The Week: What Caught Our Eye

July 16, 2022

People running in through the open gates of Saratoga Race Course on opening day.Saratoga Race Course welcomed 27,760 fans, a new father-son team of buglers, and eight weeks spotlighting some of the finest thoroughbreds in the world, plus 77 stakes races worth $22.6 million. (Skip Dickstein)

Dear Colleagues and Friends:

WHAT GOES AROUND: Journalist Mark Leibovich gave the public an unforgettable backstage tour of Washington in 2013 with his book “This Town,” which opened with media and political personalities cravenly jockeying for best camera position at Tim Russert’s funeral. Welcome to the favor-trading suck-up swamp, egos gone wild and all backs available for scratching.  Now he’s back with Thank You for Your Servitude, a portrait of the capital under Donald Trump and the enablers around him.

THAT’S RICH: A million bucks ain’t what it used to be. Visual Capitalist, which illustrates economic trends graphically, assembled research from various organizations to produce a chart showing that it takes a net worth of $2.2 million to be “wealthy” in America; $1 million makes you merely “financially comfortable.” Among the numbers: The average America’s net worth is $122,000, it takes a net worth of $4.4 million to be in the top 1% nationally, and the U.S. has 724 billionaires.

GO AHEAD, SUCCEED! The writer Fran Lebowitz used to joke that success did not ruin her. “I’ve always been insufferable.” It looks like none of us need worry about success becoming our ruin. Freud posited that success may make you unhappy, but the peculiar form of distress he predicted seems to have been based on a few people who succeeded materially but felt unfulfilled. Larger, longer studies show that exceptionally successful people are also healthier and happier. So there: Permission to succeed granted.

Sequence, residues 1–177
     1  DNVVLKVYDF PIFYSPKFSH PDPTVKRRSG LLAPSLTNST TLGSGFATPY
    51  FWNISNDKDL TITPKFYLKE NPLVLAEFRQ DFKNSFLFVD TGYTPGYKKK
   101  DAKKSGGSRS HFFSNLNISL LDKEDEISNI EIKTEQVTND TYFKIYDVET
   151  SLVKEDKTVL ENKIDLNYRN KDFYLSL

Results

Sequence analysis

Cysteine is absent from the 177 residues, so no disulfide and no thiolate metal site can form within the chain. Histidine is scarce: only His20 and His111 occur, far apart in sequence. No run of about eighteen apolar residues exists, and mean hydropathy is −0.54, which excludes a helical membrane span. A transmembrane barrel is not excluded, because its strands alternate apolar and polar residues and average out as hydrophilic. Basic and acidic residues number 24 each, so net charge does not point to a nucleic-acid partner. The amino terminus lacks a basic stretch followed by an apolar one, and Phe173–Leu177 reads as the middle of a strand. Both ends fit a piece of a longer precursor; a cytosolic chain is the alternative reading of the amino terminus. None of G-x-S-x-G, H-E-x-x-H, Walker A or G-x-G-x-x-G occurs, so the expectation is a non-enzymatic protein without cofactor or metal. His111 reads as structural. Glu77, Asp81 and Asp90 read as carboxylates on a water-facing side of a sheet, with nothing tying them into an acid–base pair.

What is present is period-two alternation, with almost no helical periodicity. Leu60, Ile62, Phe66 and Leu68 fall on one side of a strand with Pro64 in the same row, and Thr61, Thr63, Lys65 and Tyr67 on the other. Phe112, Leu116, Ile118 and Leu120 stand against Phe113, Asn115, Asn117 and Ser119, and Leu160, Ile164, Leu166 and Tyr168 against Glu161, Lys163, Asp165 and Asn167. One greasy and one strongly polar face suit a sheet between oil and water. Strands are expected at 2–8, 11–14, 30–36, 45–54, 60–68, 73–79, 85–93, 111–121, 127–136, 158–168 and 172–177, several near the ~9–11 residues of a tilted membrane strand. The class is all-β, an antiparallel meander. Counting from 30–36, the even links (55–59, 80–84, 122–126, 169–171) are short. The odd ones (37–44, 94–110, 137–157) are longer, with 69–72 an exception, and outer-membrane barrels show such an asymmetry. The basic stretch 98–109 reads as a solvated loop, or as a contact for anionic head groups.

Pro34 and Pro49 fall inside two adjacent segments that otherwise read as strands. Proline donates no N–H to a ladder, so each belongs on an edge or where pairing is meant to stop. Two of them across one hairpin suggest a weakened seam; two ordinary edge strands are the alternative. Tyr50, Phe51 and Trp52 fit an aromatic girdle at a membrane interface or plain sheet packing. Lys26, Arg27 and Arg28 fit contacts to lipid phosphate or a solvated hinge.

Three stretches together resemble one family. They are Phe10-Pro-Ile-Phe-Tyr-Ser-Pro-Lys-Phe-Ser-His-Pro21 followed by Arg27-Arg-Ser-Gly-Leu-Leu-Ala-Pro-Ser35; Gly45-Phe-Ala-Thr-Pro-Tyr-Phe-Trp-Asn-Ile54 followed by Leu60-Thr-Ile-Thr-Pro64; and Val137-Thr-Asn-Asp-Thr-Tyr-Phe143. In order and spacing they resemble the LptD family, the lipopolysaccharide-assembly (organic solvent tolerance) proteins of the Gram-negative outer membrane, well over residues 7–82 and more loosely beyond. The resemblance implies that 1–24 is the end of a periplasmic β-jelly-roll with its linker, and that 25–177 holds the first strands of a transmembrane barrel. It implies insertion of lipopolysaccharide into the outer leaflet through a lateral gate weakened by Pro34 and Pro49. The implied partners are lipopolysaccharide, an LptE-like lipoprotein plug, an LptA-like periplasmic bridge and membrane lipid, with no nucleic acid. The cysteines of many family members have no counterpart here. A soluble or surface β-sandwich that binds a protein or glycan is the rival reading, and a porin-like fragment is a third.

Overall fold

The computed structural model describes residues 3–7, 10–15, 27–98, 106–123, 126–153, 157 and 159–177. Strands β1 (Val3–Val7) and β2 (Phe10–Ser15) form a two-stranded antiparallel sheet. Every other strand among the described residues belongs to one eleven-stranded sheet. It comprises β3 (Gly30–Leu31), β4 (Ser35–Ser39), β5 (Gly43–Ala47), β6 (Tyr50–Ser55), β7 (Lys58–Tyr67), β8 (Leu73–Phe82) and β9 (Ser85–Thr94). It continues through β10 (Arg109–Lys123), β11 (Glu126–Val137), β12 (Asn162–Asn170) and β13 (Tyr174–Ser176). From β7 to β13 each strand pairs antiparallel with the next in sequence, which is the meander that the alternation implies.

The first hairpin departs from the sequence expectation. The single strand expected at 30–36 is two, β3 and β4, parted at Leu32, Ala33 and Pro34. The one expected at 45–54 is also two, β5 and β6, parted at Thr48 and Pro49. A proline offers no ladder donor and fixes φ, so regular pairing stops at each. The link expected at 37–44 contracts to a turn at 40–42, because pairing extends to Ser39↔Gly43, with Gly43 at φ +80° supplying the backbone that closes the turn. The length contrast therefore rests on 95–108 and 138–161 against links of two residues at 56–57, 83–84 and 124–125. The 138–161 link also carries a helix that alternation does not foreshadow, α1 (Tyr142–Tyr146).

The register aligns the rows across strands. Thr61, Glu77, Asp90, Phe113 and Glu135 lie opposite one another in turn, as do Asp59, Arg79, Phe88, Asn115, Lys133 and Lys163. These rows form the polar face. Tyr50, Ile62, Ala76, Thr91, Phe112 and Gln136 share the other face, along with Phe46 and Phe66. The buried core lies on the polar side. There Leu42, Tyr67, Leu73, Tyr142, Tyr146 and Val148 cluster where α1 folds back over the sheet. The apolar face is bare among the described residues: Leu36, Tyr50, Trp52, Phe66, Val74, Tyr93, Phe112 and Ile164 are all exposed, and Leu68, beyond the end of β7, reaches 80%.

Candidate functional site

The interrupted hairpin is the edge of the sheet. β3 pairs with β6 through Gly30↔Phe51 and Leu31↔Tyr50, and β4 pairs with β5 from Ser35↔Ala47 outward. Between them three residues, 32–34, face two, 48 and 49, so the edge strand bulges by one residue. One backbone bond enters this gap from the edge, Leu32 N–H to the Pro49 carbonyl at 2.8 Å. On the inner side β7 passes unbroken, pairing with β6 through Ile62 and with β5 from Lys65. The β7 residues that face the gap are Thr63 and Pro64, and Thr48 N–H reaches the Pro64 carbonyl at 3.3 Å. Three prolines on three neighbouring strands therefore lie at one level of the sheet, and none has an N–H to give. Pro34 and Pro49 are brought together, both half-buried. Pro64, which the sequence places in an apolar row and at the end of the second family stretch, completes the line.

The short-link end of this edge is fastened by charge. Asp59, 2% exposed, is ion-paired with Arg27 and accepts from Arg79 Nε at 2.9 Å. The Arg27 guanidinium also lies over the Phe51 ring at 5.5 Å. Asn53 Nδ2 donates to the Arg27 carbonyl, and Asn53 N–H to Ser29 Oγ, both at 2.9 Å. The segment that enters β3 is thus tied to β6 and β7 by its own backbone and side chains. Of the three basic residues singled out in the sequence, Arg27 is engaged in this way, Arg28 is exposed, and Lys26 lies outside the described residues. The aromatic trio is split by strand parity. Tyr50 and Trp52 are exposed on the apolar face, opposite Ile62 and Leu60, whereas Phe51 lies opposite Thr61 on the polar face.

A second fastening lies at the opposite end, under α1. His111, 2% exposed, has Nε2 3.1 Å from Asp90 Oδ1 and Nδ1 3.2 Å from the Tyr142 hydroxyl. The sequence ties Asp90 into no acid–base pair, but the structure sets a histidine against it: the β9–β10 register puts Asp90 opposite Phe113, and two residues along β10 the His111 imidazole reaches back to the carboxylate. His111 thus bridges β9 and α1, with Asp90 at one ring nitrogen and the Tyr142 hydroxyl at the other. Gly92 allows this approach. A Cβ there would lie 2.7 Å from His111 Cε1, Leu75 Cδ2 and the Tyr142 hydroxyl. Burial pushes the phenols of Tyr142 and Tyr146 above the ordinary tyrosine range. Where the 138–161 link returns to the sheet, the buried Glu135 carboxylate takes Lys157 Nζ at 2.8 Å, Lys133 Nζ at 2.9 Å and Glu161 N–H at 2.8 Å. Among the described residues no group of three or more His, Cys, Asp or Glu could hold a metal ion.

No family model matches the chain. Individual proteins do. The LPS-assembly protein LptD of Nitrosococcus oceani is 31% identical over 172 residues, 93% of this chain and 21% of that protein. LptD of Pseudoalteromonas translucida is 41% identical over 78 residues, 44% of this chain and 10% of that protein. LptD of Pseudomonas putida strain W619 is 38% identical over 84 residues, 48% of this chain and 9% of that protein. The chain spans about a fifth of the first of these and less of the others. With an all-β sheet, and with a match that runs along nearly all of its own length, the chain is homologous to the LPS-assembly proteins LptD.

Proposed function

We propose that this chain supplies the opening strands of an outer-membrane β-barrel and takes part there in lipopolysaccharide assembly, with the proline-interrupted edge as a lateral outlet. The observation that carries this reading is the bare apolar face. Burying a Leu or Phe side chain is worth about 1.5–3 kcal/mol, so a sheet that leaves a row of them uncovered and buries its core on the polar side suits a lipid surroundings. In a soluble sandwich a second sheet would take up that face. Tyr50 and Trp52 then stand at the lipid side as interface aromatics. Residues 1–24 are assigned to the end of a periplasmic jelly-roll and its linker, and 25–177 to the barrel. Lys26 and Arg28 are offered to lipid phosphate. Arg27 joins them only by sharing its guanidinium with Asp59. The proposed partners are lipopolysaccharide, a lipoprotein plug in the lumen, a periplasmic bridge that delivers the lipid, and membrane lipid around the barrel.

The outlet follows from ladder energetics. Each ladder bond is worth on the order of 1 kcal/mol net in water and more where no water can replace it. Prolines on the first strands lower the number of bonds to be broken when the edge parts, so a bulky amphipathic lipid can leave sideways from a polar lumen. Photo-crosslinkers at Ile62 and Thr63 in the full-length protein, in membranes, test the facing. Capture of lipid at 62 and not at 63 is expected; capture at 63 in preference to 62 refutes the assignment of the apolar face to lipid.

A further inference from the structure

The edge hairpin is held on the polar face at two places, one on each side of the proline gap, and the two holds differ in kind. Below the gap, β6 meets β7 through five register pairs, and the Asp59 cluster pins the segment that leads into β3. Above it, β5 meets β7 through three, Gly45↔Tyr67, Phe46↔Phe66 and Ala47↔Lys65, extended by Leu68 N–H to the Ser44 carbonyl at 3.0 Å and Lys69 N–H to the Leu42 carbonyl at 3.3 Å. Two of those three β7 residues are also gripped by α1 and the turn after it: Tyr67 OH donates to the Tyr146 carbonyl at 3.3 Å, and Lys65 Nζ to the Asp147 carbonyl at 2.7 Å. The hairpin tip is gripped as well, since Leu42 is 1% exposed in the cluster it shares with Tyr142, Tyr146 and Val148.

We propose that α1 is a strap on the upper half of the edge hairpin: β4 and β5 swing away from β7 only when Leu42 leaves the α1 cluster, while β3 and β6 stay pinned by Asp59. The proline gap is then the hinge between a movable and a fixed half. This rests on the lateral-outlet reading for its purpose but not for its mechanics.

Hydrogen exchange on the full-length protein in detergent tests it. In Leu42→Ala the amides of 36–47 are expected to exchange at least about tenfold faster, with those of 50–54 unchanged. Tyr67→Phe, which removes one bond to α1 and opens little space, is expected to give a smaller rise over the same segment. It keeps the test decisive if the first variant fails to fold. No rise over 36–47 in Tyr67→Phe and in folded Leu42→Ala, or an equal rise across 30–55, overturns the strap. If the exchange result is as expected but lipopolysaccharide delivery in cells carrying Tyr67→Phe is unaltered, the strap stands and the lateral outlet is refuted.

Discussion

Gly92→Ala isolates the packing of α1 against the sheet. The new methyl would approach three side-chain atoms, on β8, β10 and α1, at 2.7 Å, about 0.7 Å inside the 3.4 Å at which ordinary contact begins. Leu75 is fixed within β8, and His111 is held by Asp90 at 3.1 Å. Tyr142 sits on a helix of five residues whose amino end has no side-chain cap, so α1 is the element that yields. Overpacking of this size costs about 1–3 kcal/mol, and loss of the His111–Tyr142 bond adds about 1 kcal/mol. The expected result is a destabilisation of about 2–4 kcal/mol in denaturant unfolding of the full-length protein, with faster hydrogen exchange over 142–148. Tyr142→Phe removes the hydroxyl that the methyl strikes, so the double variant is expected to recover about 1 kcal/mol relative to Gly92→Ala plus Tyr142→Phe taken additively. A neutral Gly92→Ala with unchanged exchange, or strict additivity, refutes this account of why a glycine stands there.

BEYOND BEAUTIFUL: “Lake George could quite possibly pass for something found only in Switzerland, if it wasn’t a four-hour drive from Manhattan,” declares Opal Unpacked, the travel guide of the Opal Hotels Group, owner of The Sagamore resort. Among many reasons to visit this summer or fall: The Bolton Historical Museum’s landmark exhibit “Landscapes Lost & Found: Two Centuries of Art from Bolton Landing,” featuring paintings from members of the Hudson River School and American Pre-Raphaelite movement.

SPEAKING OF THE LAKE, our friend Jeff Killeen, chairman of the Lake George Association, has worked for years to preserve its legendary clarity and cleanliness, efforts that will take another step when he auctions his classic 1929 Chris-Craft wooden boat next week at the LGA’s annual Summer Gala, with proceeds benefitting the organization’s lake protection programs. The vessel has an appraised value of $40,000; bidding starts at $25,000.

NO LIMITS: Landis Sims was born without hands, feet — or fear. Sims, a 16-year-old from southern Indiana with a preternatural confidence and swagger, first came to the attention of filmmaker Eric Cochran at a softball camp in California. Cochran watched as the boy, then 8, sprayed line drives and trash talk with equal aplomb. “Landis, Just Watch Me,” follows Sims in his quest to make the varsity baseball team at this high school, and this week the publicity tour gave Sims the chance to fulfill a dream — throwing out the first pitch at Yankee Stadium.

GASLIGHT GLUT: The Associated Press, a news organization not given to hyperbole, reports that “a growing number of people in Western nations” have lost faith in democratic governance and a free press, and “have turned to conspiracy theories to fill the void.” “People can’t fact check the world,” a New York City psychiatrist and professor who has written about the psychology of trust and belief told the AP. “They’re awash in competing streams of information, both good and bad. They’re anxious about the future, and there are a lot of bad actors with the ability to weaponize that fear and anxiety.” The Wall Street Journal’s Andy Kessler sounds an alarm: “Be warned, we’re being trained that anything can be anything. The truth has taken a back seat. I don’t like it one bit.”